JACC: Prasugrel works equally well in those taking GP IIb/IIIa inhibitors
Prasugrel (Effient) significantly reduces the risk of cardiovascular events in patients with acute coronary syndromes after PCI regardless of whether or not a glycoprotein (GP) IIb/IIIa inhibitor is used, according to an analysis of the TRITON–TIMI 38 trial in the Aug. 18 issue of the Journal of the American College of Cardiology.

On July 10, the FDA approved Daiichi Sankyo and Eli Lilly's Effient tablets for the reduction of thrombotic cardiovascular events, including stent thrombosis, in patients with acute coronary syndromes who are managed with PCI.

In TRITON–TIMI 38 (Trial to Assess Improvement in Therapeutic Outcomes by Optimizing Platelet Inhibition with Prasugrel–Thrombolysis in MI 38), prasugrel reduced cardiovascular events compared with clopidogrel, but with increased bleeding. Michelle O'Donoghue, MD, from the TIMI Study Group at Brigham and Women's Hospital in Boston, and colleagues assessed 7,414 subjects (54.5 percent), who received a GP IIb/IIIa inhibitor during their index hospitalization.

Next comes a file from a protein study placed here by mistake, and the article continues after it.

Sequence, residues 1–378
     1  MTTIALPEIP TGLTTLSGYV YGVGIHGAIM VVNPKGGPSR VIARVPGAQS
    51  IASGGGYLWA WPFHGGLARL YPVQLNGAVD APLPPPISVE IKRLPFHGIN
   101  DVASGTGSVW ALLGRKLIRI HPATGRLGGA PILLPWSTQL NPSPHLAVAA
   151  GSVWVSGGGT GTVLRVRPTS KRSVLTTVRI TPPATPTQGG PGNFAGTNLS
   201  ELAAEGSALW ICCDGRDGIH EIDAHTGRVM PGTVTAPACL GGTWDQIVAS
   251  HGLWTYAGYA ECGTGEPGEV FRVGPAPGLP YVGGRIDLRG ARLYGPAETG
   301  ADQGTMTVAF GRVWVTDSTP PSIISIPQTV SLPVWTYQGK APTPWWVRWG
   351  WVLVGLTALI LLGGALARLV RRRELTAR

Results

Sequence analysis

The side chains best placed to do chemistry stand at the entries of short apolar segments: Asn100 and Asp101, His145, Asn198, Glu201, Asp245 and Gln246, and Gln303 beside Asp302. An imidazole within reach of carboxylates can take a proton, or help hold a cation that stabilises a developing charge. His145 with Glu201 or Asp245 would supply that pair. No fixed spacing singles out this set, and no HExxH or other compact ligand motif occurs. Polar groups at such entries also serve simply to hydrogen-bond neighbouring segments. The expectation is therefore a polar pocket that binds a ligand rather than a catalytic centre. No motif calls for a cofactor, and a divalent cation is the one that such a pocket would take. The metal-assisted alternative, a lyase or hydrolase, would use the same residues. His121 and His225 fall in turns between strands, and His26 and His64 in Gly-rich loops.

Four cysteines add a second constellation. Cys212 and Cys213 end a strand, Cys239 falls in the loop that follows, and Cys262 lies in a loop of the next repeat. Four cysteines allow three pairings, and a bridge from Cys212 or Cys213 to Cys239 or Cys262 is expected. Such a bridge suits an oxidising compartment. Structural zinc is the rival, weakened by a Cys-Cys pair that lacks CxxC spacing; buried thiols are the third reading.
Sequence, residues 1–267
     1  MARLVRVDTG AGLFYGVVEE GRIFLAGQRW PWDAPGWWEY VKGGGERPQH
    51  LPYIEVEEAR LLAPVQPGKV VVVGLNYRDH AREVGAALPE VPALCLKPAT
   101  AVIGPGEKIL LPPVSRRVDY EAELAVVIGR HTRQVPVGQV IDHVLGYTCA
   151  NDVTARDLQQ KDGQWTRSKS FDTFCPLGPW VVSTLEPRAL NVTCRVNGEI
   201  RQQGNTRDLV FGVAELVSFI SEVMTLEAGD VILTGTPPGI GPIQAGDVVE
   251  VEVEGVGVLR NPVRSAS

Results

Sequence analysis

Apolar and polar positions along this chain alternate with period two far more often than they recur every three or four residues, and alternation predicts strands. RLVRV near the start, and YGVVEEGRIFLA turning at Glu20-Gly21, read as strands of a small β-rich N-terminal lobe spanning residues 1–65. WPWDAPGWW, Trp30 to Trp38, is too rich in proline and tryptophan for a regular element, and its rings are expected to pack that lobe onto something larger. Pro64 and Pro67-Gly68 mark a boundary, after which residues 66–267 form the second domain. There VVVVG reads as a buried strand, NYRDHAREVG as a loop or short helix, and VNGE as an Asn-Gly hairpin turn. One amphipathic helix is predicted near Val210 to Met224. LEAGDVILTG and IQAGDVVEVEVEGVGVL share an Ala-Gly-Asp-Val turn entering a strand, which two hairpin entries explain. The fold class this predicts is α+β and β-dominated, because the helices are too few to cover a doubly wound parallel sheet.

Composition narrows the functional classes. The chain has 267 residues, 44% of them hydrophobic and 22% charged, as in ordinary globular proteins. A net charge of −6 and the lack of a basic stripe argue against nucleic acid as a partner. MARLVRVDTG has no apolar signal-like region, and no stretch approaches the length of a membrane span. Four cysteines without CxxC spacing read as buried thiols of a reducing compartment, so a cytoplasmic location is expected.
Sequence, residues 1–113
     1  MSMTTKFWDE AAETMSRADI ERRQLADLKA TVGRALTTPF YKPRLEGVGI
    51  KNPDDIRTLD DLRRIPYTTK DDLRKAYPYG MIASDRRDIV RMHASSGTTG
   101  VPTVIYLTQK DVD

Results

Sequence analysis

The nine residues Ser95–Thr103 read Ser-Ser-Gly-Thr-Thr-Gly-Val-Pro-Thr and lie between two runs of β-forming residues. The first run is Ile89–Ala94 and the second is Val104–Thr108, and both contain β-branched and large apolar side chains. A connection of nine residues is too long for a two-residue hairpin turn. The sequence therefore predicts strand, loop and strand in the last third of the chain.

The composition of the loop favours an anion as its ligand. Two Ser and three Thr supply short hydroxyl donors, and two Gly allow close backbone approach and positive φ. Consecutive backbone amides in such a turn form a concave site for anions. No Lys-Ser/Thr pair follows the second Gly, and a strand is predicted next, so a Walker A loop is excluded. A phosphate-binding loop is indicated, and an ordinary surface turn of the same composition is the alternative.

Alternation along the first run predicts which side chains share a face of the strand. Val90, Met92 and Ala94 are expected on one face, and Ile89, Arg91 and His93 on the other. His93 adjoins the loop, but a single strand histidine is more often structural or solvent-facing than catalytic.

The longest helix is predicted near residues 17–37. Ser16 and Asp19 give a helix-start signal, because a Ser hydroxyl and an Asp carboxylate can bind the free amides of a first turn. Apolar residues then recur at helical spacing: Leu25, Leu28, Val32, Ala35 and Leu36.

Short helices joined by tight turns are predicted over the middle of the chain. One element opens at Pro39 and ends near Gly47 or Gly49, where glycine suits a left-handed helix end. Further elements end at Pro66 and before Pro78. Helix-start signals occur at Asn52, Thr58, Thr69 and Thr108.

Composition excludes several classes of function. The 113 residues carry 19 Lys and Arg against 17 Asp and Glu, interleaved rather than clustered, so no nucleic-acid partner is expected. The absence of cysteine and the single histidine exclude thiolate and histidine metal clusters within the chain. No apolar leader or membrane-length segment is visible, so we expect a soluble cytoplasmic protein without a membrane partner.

Researchers found that there was a consistent benefit of prasugrel over clopidogrel for reducing cardiovascular death, MI or stroke in patients who did or did not receive a GP IIb/IIIa inhibitor (hazard ratio: 0.78). Prasugrel significantly reduced MI, urgent revascularization and stent thrombosis irrespective of GP IIb/IIIa inhibitor use.

Although subjects treated with a GP IIb/IIIa inhibitor had greater rates of bleeding, they found that the risk of TIMI major or minor bleeding with prasugrel versus clopidogrel was not significantly different in patients who were or were not treated with GP IIb/IIIa inhibitor.

Based on their findings, O’Donoghue and colleagues said that despite the rapid onset of action of prasugrel, the use of a GP IIb/IIIa inhibitor does not appear to alter the relative risk of bleeding for patients treated with prasugrel versus clopidogrel when a thienopyridine loading dose is administered shortly before or at the time of PCI.

However, the authors noted that “randomized trials will be necessary to determine whether there is any incremental benefit for a GP IIb/IIIa inhibitor in the setting of prasugrel.”